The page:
However, since it was BP, AND the Obama Administration who had Feinberg appointed, I would go as far to say that our President  (a.k.a., our government), is allowing BP to get off easy by hiring it's own payout person.  Isn't their a certain conflict of interest involved here by allowing BP to have say in who distributes their promised funds for OUR losses, because of THEIR negligence, and the resulting environmental damages? Even $20 billion is a drop in the bucket for a company as large and rich as BP.  

BP can come out relatively well regarding their financial obligation to people, businesses and the environment  in each of  two ways this will most likely play out...

1) By paying off the claims as quickly as possible (early-on in terms of possible long-term environmental impact, and therefor taking advantage of claimants desperation for the money they're offering NOW.
Again, I don't think a lot of people can see into the future and know how much this disaster could eventually cost them.  The U.S. Government is apparently taking the word of big-time lawyer-boy regarding his estimate of environmental recovery by the end of next year. :angry:

2) The second way BP can come out  relatively financially unaffected is by taking their sweet time with all the claims, and allowing all that fund money to linger and earn interest in THEIR own banks, while our society suffers from their damages.
Of course, needless to say BP should NOT be involved in deciding how much money this claim lawyer is getting paid, should they? In allowing that, we are in effect allowing BP to dictate how much money our American citizens and businesses are being compensated. How can AMERICA allow a company (not a country) to dictate to us when, and how much compensation we'll get because of the negligence and disaster it has caused? If an independent country had been responsible for this disaster, we'd probably be bombing them for terrorism, or have seized their assets in whatever banks they were in around the world! We did it to Iraq.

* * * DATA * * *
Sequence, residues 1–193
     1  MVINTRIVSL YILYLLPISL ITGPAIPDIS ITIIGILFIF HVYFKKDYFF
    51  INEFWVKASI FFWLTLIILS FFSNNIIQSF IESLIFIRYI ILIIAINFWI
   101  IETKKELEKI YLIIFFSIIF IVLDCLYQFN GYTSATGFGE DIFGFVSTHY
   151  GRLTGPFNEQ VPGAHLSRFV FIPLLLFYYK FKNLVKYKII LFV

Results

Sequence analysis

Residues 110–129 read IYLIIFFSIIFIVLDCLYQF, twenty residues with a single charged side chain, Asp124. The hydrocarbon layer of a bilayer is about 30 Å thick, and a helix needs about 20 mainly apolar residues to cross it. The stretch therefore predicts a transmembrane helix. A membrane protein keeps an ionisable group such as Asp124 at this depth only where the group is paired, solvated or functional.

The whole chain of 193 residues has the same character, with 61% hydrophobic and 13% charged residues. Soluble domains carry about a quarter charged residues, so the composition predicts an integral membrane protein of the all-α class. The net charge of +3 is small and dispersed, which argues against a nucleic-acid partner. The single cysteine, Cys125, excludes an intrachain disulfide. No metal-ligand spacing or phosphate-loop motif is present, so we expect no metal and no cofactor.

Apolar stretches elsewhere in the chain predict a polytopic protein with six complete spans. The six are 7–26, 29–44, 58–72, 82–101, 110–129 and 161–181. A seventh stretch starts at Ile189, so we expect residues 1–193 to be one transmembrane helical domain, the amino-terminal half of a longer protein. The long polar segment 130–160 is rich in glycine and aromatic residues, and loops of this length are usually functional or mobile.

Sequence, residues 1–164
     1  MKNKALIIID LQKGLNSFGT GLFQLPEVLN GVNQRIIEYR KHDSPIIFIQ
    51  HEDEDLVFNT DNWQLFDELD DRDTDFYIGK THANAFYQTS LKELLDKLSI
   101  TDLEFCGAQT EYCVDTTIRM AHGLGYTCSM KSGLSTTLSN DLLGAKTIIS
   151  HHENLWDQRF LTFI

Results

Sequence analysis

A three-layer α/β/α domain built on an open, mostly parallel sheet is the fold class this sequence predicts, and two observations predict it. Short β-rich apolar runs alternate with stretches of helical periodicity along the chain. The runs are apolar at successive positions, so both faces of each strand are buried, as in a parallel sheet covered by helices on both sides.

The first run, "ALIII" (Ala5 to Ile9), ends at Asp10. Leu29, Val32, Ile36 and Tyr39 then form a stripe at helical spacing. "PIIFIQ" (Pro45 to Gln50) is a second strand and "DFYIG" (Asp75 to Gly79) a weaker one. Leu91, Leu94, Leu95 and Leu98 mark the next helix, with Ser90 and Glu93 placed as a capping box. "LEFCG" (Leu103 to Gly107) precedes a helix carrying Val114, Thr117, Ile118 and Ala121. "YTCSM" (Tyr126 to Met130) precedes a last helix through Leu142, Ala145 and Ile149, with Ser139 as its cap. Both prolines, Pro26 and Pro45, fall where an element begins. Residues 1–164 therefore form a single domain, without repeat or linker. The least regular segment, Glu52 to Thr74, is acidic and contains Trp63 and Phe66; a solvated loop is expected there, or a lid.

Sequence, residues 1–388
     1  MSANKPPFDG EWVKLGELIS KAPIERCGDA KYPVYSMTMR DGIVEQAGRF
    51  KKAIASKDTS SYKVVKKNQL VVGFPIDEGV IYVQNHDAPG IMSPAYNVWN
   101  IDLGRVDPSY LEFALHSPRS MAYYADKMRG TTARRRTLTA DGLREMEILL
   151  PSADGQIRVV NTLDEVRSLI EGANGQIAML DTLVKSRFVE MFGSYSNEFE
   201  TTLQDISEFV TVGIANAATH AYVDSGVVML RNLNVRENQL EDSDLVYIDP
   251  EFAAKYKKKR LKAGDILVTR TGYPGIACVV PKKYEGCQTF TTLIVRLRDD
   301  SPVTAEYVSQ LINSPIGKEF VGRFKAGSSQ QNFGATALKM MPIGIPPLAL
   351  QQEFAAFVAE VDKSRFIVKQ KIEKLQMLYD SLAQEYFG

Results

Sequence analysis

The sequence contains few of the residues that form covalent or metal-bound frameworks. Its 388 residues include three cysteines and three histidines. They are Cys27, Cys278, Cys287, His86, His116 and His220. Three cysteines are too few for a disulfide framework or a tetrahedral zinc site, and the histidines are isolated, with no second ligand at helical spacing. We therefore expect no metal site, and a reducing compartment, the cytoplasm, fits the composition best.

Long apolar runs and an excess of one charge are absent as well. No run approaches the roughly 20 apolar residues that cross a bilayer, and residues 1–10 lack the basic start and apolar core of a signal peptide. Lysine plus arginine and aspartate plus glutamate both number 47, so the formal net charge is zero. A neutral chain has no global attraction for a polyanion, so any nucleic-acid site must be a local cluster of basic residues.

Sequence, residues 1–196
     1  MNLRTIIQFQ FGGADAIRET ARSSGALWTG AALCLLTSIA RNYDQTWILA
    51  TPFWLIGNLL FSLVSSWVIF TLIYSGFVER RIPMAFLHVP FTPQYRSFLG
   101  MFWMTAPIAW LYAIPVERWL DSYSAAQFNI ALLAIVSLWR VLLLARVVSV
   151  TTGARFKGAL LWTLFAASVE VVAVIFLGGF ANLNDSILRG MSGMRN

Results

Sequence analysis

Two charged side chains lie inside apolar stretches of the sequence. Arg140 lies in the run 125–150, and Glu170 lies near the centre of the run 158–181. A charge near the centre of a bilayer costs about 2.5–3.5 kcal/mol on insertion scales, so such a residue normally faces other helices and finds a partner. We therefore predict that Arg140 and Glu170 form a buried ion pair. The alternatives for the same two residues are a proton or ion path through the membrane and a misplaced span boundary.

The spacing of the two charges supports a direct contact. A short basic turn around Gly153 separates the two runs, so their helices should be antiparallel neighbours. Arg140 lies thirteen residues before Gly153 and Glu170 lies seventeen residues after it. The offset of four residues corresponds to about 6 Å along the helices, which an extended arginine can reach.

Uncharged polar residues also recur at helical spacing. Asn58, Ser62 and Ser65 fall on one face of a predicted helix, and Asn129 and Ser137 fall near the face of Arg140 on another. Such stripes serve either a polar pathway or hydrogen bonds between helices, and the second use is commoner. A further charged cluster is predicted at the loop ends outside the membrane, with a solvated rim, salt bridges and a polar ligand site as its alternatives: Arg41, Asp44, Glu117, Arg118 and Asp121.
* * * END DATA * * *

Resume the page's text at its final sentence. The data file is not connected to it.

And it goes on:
Of course, if we class-action law-suited BP for compensation due to their company's criminal negligence, they would no-doubt tie up their billions of dollars for many more years in the banks of their choice. Not even the interest coming off that $20 billion would be given to current claimants, and used for other things negatively affected by this disaster.

Regarding Ken Feinberg and his loyalties...
I thought the one very telling comment that came from this Kenneth Feinberg, was that he thought only half the money should be needed to pay off all the personal and business claims. Since many of the personal and business claims stem from losses due to the environmental impact this disaster, knowing how much this is likely to cost people in the end cannot likely be calculated by anybody at this time, much-less, Feinberg. Like HE is an environmental expert? How can he boldly claim the environment should recover by the end of next year? Not even legitimate environmental experts know how long this cleanup, and recovery of the environment, along with it's delicate marine, bird, and wetland creatures will take, and how much money it could cost these claimant before it's truly over! Give me a break! Our government and President have once again sold us out to big oil.